I highly recommend Thomas Kunkel’s Ross biography, Genius in Disguise, for a complete account of the magazine’s early days.
It took a few issues for the editors to sort out regular features and their order of appearance. The opening section of Issue No. 1 featured the famous Rea Irvin masthead—flanked by Eustace Tilley and the night owl—and Irvin’s distinctive typeface that would introduce “The Talk of Town” for many issues to come. However in Issue No. 1 “Of All Things” appeared under the masthead, followed by “Talk of the Town” which was (for the first and last time) under this banner:
The magazine’s second issue, Feb. 28, paired the Eustace Tilley masthead with “The Talk of the Town” for its opening section, but the March 7 issue paired it with “Behind the News” for the opening section.
With the March 14th issue, the editors decided to permanently install “The Talk of the Town” below the masthead in the lead section, relegating “Of All Things” and “Behind the News” to inside pages.
For the sake of comparison, here is the current 2015 version:
A number of short-lived regular features made their appearance in these early issues: “The Story of Manhattankind” offered drawings by Herb Roth and tongue-in-cheek accounts of early Manhattan life that featured cartoonish Indians and bumbling settlers. It is here where the magazine took its first of many shots at William Randolph Hearst, perceived rival and publisher of Cosmopolitan (more of a literary magazine in 1925, and not the sex tips and cleavage rag it is today).
The first two cartoons ever featured in the New Yorker were by Al Frueh:
“Profiles” were established at the start, the first issue featuring opera maestro Giulo Gatti-Casazza, the second issue taking aim at “Princess” Alice Roosevelt Longworth, and the third issue probing New York Times managing editor Carr Vatell Van Anda. “In Our Midst” featured local celebrity sightings and gossip, such as actress Tallulah Bankhead and writer Edna Ferber in Issue 3 (March 7).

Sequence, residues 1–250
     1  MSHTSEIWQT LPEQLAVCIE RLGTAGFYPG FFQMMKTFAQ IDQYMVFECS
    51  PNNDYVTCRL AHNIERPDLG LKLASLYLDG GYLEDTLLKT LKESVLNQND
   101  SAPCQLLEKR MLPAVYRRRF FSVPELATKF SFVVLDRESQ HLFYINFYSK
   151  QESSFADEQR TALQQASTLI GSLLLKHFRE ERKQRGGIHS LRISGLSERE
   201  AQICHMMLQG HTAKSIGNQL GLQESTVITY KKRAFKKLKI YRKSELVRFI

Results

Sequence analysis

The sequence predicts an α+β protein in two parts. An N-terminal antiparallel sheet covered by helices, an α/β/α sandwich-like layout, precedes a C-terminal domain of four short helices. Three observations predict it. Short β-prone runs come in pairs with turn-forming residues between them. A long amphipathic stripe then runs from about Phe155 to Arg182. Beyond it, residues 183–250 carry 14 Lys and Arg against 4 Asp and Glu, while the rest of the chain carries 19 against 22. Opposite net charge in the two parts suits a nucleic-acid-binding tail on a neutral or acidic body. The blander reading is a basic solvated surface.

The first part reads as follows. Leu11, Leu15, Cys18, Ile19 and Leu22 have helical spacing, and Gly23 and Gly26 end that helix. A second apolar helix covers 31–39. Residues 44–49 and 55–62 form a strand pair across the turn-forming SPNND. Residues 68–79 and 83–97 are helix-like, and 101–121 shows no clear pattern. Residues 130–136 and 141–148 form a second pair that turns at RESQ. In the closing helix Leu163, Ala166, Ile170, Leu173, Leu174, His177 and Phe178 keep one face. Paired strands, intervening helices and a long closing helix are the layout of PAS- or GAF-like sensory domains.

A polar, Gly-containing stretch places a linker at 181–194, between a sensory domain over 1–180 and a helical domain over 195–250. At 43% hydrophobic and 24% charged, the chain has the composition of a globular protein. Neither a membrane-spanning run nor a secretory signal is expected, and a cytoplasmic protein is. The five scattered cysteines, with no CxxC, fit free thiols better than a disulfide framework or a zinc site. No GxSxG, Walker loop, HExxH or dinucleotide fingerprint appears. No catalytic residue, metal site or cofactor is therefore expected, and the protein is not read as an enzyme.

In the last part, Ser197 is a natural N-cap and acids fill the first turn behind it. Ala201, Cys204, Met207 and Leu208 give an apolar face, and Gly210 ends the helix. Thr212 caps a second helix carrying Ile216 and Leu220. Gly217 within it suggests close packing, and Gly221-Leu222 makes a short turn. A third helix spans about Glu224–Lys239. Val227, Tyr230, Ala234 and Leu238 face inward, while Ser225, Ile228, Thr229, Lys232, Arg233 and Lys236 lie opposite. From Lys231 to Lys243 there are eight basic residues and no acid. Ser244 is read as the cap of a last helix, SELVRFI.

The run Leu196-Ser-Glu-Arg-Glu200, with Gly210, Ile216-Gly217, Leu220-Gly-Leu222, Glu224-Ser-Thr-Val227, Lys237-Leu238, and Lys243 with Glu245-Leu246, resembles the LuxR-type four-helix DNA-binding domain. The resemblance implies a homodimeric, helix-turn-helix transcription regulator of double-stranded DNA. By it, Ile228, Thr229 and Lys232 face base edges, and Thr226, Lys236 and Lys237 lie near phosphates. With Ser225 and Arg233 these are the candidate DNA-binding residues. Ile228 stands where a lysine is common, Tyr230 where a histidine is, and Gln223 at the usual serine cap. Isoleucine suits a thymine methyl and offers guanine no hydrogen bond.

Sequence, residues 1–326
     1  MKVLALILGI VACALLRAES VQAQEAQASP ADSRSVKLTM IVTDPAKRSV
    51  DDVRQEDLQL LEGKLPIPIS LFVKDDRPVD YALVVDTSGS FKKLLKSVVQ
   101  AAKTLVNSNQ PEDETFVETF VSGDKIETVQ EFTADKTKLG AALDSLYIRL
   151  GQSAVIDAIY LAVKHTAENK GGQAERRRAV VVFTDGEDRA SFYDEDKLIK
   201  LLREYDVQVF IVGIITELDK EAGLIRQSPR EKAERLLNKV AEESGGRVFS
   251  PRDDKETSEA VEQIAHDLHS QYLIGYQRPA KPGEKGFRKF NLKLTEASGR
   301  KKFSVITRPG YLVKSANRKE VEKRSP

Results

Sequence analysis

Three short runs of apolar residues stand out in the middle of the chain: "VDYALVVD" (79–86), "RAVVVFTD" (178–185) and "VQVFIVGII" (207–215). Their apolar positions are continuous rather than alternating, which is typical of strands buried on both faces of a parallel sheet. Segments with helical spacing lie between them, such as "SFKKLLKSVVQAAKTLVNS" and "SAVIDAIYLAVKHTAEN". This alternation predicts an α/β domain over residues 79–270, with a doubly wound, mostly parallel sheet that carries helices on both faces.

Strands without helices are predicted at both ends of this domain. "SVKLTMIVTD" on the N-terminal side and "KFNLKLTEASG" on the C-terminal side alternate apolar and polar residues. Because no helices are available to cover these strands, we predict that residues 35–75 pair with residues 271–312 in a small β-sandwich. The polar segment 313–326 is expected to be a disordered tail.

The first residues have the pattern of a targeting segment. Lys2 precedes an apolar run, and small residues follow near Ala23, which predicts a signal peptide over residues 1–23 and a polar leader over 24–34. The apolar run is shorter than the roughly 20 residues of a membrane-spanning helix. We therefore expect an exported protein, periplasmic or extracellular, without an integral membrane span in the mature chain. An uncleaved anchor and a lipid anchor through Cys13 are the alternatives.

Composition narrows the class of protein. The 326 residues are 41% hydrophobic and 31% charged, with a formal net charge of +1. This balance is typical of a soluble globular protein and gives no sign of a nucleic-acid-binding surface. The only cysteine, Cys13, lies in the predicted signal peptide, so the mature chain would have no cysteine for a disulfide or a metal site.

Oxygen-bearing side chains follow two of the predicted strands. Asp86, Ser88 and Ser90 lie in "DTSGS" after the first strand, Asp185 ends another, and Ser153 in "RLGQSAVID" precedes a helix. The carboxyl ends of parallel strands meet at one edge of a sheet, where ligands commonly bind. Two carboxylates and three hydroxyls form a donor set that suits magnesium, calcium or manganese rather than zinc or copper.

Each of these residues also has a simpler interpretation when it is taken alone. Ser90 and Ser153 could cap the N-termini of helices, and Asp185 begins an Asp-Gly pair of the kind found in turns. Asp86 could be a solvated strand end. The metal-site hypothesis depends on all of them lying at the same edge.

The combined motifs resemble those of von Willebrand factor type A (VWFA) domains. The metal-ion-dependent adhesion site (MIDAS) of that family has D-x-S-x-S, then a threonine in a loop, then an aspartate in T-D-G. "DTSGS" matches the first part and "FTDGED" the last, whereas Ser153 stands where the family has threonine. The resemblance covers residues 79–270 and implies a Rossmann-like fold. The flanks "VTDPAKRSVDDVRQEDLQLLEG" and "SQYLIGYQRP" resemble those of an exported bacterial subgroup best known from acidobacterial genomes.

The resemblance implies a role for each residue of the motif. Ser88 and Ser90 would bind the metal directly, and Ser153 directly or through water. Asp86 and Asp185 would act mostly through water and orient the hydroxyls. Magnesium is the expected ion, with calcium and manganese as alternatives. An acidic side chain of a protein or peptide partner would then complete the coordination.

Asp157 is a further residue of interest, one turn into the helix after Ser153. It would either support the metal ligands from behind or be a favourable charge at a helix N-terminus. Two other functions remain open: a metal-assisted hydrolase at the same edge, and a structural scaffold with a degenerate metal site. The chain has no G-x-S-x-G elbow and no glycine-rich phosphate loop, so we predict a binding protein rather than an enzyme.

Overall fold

Most of the cartoons from the very beginning were famously droll, such as this illustration by Alfred Leete…
…but a few recall an earlier style in which the action is captioned (like old Punch cartoons) in a more formal manner. The first issue featured an Ethel Plummer cartoon of an “uncle” and a “flapper” (niece or a mistress?) looking at a theater bill for The Wages of Sin:
Uncle: Poor girls, so few get their wages.
Flapper: So few get their sin, darn it!
A section titled “The Hour Glass” offered short, casual accounts of various local personalities. “Lyrics from a Pekinese” was another recurring feature by writer Arthur Gutterman, who was known for his silly poems.
Music reviews in early issues were almost entirely devoted to classical, live performances. Fritz Kreisler’s violin mastery was featured prominently in the first issue, while it wasn’t until the third issue that jazz was briefly mentioned (it was becoming “respectable” in some concert halls). It was reported that violinist Damuel Dushkin ended his performance with selections from George Gershwin’sRhapsody in Blue.